The main challenge was interpolating between different hue values. While saturation and brightness behave linearly, hue does not. This means that blending from pink to orange in a linear way would cycle through purple, blue, teal, green and yellow before finally getting to orange.
The first solution offsets the target hue value by 100%, whenever the difference is greater than +/- 50%, which means interpolating happens along the shortest route. In our previous example, this means we will now fade from pink to red to orange.
The second solution lowers the saturation, depending on the hue difference of the current and target color as well as interpolation time. This stops “in-between” hues from flashing while animating, creating a more natural interpolation effect.
Audio controlled animations
To better merge visuals and music, some level elements are influenced by different frequency sections of the audio track. An example of this is most commonly seen in media player apps, in the form of a bar diagram. We currently use it to animate the size of some of our 2d elements like decorations and triggers.
While we could simply sample the loudness of each frame, we decided to break the samples down into several frequency sections, which can then each be used in the game individually. This gives us the opportunity to sample higher tunes or low bass only and generally use the section which looks the best. There are two things we needed to keep in mind. The first is that lower frequencies are much higher in amplitude (or strength) than higher frequencies. This reduction in “power” follows a logarithmic curve, when it comes to the human perception of audio frequencies. For our purpose, this means that in order to get equally meaningful frequency sections of the track, the selection needs to be wider, the higher its containing frequencies are. The selection of frequencies is then averaged, which creates a numeric (float) value for 8 different frequency sections of the track. The second thing to keep in mind, is that the audio sources volume influences that value as well, so we need to multiply it by a factor of 1/volume (and prevent division by 0 while doing that).
If you would like to know more, here is a great series of videos, which goes further into detail about audio frequencies and how to use them in Unity3D.
Since the game is quite difficult by design, practicing the level by doing it over and over again from the start can get quite tedious and frustrating. The practice mode is designed to remedy that, giving players the ability to use checkpoints where they will respawn after dying. Checkpoints can be set automatically or manually by a button or hotkey. Checkpoints can also be removed, so the previous checkpoint becomes active again.
For us, this meant that all the different variables needed to be saved and restored in each individual checkpoint object. Some examples are player position and speed, gravity and the different color animation states. Another important goal for us was, to not use generic practice music, but instead to keep the original level soundtrack running, even in practice mode. In order to sync the music perfectly to the level after every checkpoint, we saved and set the audio clips sample count for every checkpoint.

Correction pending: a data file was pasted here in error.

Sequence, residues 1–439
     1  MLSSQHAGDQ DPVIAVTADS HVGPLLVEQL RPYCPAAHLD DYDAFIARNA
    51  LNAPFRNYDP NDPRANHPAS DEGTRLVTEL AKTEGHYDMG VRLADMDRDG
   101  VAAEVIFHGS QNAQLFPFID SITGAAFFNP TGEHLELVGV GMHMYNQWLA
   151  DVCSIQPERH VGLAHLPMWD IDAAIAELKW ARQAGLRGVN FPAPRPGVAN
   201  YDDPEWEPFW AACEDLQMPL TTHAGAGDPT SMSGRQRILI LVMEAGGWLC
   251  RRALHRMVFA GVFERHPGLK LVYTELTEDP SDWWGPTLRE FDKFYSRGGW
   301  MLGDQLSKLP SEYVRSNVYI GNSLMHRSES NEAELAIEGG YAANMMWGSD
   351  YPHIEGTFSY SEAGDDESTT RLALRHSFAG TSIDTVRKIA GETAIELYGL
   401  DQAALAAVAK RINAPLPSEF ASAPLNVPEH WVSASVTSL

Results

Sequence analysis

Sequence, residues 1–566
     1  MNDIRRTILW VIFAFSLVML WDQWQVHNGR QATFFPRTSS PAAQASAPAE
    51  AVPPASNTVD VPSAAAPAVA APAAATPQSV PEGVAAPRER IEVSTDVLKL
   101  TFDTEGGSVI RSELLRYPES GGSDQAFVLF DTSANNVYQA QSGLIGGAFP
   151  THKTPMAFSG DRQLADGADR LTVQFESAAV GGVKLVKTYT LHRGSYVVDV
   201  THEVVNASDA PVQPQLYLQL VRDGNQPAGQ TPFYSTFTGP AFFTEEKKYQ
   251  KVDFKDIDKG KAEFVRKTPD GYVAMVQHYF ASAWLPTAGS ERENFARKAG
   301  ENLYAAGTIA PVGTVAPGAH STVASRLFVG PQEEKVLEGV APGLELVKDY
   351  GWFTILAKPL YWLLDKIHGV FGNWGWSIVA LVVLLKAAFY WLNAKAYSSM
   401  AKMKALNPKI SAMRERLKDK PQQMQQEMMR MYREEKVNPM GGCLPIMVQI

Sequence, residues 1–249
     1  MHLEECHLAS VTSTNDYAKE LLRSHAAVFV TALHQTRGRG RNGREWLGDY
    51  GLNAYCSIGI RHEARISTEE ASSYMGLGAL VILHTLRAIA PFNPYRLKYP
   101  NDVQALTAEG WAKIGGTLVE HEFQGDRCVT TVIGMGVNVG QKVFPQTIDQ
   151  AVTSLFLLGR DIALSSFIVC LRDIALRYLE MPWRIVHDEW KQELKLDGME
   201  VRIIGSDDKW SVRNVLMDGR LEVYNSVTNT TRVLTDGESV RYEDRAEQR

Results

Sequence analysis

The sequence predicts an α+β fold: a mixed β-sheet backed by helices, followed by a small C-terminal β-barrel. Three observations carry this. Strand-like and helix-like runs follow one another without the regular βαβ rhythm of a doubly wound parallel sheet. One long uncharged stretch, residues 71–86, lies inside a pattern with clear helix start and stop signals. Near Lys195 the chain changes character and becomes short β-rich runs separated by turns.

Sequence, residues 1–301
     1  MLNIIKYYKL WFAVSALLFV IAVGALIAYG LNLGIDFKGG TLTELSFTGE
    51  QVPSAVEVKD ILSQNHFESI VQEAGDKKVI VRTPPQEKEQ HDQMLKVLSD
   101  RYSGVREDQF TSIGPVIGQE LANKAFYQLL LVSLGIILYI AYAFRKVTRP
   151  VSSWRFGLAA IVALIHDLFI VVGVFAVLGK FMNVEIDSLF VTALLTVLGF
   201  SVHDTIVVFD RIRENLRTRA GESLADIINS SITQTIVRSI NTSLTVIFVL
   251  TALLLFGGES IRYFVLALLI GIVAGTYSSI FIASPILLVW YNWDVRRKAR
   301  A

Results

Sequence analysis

Practice mode has its own individual progress. In order to complete a level, the player has to beat it in normal mode, without checkpoints.
Last but not least, if you are into Crypto currencies, we have inside information about the next rising star among them: Zergi Coins! They can be used to buy your favorite Zergi different outfits and are accepted in all Jumpy Zergi approved shops.
This is all for now! The next post will show off some of the games user interface graphics, as well as our new game controller & keyboard detection and support features.
May 21 2018
Jumpy Zergi production Log #2
In our second Jumpy Zergi post, we will talk about the level design process of the game. As we mentioned in our previous Blog Post, Jumpy Zergi is a challenging auto-scrolling 2.5D platformer, in which both the level and inputs from the player are synced to the soundtrack. We will focus on the challenges and difficulties we had to face while in the creation process and in which ways we overcame them.
From the very start of development, it became clear that building a level, that syncs up well with music, is a lot more challenging than first anticipated. We also noticed very early on, that the level would feel too repetitive, without some changes in gameplay. This is why we implemented different speed modifiers and gravity switches, although these features were at first not intended. The first two out of nine sections were built quite early in the game so we could test and balance all the different features. After all the gameplay features have been completed, we continued with the design of the level layout under the following guidelines:
- Interactions and environment should sync up well with the soundtrack
- Balanced difficulty
- Avoid repetition
- Prevent the feeling of unfairness
- Optional alternate and more difficult paths for collectibles
Syncing to soundtrack
Syncing the level to the soundtrack was the first priority when creating it, as this is the most important factor for whether playing the game would be satisfying. When we first started to build a new section, we only used the absolute minimum amount of blocks or platforms on key positions, until we got the syncing right. Only then came balance and design. Even though there is only one input, jump, there are actually more things the level can sync to: jumping, landing, triggers and passing of obstacles or passages at the right time, which is either a distinctive note or beat. We placed small editor guide objects for each of those key moments via a script, tapping along to the music, while the script takes care of positioning the guides.